Tag Archives: Dr. John Rippon

122 – May 01 – THIS DAY IN BAPTIST HISTORY PAST


America’s victory over England secured England’s liberty too
1748 – Dr. John Rippon of England,in a  letter addressed to Dr. James Manning, president of Brown University, said: “I believe all of our Baptist ministers in town, except two, and most of our brethren in the country were on the side of the Americans in the late dispute….We wept when the thirsty plains drank the blood of our departed heroes, and the shout of a king was among us when your well bought battles were crowned with victory; and to this hour we believe that the independence of America will, for a while, secure the liberty of this country, but if that continent had been reduced, Britain would not have long been free.” Dr. Rippon was one of the most influential Baptist ministers in England during the 19th century. At the age of 17, Rippon attended Bristol Baptist College in Bristol, England. After the death of John Gill, he assumed Gill’s pastorate, the Baptist meeting-house in Carter Lane, Tooley Street, which moved in 1833 to the New Park Street Chapel in London, from 1773 at the age of 20 until his death, a period of 63 years. Rippon’s church was later pastored byCharles Haddon Spurgeon before moving to the Metropolitan Tabernacle at Elephant and Castle inSouthwark.
Dr. Dale R. Hart: Adapted from: John T. Christian, A History of The Baptists (1922; reprinted., Nashville:  Broadman Press, 1926), 2:228
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317 – Nov. 13 – This Day in Baptist History Past


 

On Christ the solid Rock I Stand…”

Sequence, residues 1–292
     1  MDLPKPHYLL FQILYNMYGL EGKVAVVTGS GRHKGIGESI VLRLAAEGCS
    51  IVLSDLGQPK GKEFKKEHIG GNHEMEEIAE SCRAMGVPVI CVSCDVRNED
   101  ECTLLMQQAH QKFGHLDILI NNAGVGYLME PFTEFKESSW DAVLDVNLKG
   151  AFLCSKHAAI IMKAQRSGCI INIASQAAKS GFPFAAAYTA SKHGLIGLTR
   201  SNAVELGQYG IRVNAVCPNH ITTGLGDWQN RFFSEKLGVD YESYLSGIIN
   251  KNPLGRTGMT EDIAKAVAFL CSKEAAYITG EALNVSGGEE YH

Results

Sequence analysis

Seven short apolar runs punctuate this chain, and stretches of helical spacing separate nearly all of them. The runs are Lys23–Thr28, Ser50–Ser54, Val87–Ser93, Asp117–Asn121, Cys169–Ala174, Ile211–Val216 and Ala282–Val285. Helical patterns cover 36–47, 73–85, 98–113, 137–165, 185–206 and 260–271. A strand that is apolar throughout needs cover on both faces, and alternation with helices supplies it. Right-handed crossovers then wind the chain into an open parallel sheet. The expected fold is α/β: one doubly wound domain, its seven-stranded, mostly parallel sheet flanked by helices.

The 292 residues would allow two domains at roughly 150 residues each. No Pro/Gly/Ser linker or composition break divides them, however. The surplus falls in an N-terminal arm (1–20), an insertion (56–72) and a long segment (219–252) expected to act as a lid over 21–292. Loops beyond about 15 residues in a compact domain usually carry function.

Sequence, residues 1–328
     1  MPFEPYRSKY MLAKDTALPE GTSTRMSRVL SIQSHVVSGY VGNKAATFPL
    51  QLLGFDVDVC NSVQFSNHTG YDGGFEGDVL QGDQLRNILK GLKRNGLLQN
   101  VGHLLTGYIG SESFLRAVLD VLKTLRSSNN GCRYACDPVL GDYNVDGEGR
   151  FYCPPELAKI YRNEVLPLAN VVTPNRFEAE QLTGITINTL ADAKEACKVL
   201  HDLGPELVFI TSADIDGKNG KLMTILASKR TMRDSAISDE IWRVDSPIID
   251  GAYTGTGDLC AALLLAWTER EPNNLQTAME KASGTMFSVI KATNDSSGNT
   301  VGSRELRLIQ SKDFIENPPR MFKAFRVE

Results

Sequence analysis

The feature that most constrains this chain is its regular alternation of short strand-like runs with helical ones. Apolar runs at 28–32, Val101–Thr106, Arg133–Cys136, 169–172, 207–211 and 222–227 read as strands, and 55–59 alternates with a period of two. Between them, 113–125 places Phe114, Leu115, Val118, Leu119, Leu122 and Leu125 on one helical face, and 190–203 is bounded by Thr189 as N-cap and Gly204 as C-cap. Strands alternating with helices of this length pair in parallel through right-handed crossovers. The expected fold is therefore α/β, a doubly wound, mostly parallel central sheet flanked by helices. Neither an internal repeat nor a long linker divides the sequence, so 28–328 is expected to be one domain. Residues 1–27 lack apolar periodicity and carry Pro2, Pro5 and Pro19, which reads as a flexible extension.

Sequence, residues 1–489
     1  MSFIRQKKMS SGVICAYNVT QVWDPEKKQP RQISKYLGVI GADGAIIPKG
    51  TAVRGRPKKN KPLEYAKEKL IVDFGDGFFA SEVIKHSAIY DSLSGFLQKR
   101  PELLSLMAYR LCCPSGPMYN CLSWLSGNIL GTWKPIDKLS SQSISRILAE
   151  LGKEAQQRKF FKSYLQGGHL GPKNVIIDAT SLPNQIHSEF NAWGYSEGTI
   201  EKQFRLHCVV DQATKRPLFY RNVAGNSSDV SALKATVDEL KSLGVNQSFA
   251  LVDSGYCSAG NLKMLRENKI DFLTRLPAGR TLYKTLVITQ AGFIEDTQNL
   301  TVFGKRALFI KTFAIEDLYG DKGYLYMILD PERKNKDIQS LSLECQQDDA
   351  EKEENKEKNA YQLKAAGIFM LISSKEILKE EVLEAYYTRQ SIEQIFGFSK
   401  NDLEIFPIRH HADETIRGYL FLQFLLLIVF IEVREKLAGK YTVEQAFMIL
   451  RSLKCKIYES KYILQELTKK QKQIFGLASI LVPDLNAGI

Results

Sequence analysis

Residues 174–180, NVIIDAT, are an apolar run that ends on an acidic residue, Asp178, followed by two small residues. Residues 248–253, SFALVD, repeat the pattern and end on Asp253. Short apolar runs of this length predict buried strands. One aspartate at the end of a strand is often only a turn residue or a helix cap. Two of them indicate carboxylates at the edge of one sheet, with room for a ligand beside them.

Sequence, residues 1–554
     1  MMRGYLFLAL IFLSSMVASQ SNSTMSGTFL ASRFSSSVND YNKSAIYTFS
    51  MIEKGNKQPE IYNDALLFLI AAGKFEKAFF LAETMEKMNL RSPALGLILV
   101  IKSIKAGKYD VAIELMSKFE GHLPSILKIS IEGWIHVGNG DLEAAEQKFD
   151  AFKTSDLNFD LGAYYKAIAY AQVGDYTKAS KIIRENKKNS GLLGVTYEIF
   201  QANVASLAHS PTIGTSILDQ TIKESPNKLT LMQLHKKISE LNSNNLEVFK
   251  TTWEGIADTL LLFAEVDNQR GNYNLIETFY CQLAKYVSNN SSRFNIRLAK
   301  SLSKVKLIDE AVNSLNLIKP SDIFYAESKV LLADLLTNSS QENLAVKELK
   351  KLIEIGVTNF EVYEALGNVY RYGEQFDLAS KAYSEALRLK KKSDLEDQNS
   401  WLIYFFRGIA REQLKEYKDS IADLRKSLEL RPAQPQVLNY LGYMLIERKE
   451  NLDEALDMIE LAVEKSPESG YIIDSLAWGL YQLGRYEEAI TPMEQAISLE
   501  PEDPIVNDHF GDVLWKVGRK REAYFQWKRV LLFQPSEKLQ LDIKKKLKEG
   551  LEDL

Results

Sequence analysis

1874 – Pastor Edward Mote peacefully slipped into the arms of Jesus, his body was borne by weeping saints to whom he had ministered, and he was buried in the little graveyard in the back of Rehoboth Chapel, Horsham, Sussex England. In June of 1873 he had become so weakened that he could no longer minister to his church, where his ministry had been used of God to bring many to Christ. Mote was one of the great hymnists that is numbered with those who have written some of the half million or more hymns that have remained from days gone by that are still in the hymnals of today. Singing has ever been a part of Christian worship. At the last supper it says, “And when they had sung an hymn, they went out…” In a letter written to the Roman Emperor Trajan by Pliny the Younger, Governor of Bithynia about A.D. 100, he said the following about a Christian worship service. “They are accustomed to meet on a fixed day before daylight to sing a hymn of praise to Christ as God.” Mote was born in London on Jan. 21, 1797 to parents who ran a “public house”, and growing up in that influence strayed. He was apprenticed to a cabinet maker and began attending religious services, and through the ministry of John Hyatt received Christ as Savior. Later he was baptized by Rev. John Bayley on Nov. 1, 1815, moved to Southwark, and was under the ministry of the famed Dr. John Rippon. It was there that he penned the words to that great hymn “On Christ the solid Rock I Stand, All other ground is sinking sand. My hope is built on nothing less Than Jesus’ blood and righteousness; All other ground is sinking sand.” [Henry S. Burrage, Baptist Hymn Writers and Their Hymns (Portland, Maine: Brown, Thurston and Company, 1888), pp. 155-59. This Day in Baptist History II: Cummins and Thompson, BJU Press: Greenville, S.C. 2000 A.D. pp. 620-22]   Prepared by Dr. Greg J. Dixon

 

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